“Education used to be an equalizer of opportunity. Now it perpetuates disparities of opportunities,” Isaacson added. “That must change as well.”

Tom Walsh is a former columnist for the Detroit Free Press

Former TIME Magazine Editor and Past CEO of CNN, Walter Isaacson, to Take Michigan’s Center Stage

isaacson_walter_promo-picWalter Isaacson, president and CEO of the Aspen Institute, will take Michigan’s Center Stage on Thursday, June 1 at the 2017 Mackinac Policy Conference.

Isaacson will share how the accumulation of small advances and larger imaginative leaps by entrepreneurs and inventors have all played a role in today’s disruptive and innovative society. He will also discuss the importance of collaboration in regards to two of the Conference pillars, winning the race in connected technology and increasing economic opportunity in Michigan.

An accomplished author and journalist, Isaacson has written best-selling biographies on historical figures such as Benjamin Franklin, Albert Einstein, Henry Kissinger and Steve Jobs. His 2011 biography of Steve Jobs was also the inspiration for the 2015 blockbuster film. In past roles, he was the chairman and CEO of CNN and also the editor of TIME magazine.

Spotlighting Race in America

Award-winning journalist Soledad O’Brien fights for race conversation at media table 

By Daniel A. Washington 

Chances are you’ve heard the name Soledad O’Brien — maybe on television, providing commentary or narrating documentaries on race relations in the United States.

Arguably most known for her work in producing the multi-part documentary series “Black in America,” O’Brien has earned numerous awards for shedding light on often overlooked injustices endured by mi-norities in America. A former anchor for CNN, and current CEO of Starfish Media Group, she spoke with the Detroiter prior to the Mackinac Policy Conference, where she helped lead a discussion on national politics and the importance of race, economics and inclusion.

What is one of the most relevant issues facing American politics today?

How do you make sure that people feel represented? I see it all the time while interviewing people. This election is a real wake-up call and a lot of people are unhappy with the current state of affairs with the political system.

You have done a lot to shine a light on race relations in “Black in America.” What do you think the state of race relations are today in this country?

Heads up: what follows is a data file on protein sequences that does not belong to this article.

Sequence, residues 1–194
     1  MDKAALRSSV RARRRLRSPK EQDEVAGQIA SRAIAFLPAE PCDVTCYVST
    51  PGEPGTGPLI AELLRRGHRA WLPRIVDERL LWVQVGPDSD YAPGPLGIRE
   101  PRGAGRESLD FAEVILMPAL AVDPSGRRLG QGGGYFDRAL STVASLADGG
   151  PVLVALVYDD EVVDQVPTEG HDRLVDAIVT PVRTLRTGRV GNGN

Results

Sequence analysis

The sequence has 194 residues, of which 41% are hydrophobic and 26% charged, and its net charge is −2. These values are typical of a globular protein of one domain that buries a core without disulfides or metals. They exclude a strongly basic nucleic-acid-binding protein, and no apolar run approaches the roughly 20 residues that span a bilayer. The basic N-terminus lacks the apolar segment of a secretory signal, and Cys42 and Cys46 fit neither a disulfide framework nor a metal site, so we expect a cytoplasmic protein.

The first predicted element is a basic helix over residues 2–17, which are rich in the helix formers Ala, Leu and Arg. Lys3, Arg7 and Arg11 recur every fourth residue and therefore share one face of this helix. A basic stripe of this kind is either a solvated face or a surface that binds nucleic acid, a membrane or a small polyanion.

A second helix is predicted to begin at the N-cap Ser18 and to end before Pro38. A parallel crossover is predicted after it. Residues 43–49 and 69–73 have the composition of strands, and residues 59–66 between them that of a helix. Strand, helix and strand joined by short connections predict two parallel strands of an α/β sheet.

I think it is a very interesting time we live in. I think people think it’s a horrible time, but I’m not one of them. I think this time presents a number of highs and lows of living people trying to grapple with the issue and conversation of race in America. I think the idea that we would all get together and fix it is a little naive. I believe we are at a time where people are pushing back in a way. These are historic narratives that people are rallying and fighting against. I really thought that this presidential race was going to give way to the #BlackLivesMatter movement, but we have instead seen an uprising in staunch white America push back. I don’t think we’re at the worst ever (time for race relations), but instead are experiencing the ebb and flow just like during other times in our history.

What are some of the key takeaways people need to understand about race in America?

I think the biggest takeaway is people don’t understand the history of how and what this country was built on. I think it makes people very uncomfortable to discuss the realities of race and class. I was talking to someone on Twitter and had to explain that indeed slavery has an effect on today’s issues and, more importantly, a race of people gravely affected. I think when you don’t understand your history you get angry, and being really misinformed causes racial tension and issues that only deepen the resentment. Demographics have shifted in this country. I think people really need to go back and understand the roots of our history, especially in regard to slavery. If you don’t do that, then you won’t understand why people are angry and feeling as if their life or the lives of those most affected has yet to be restored.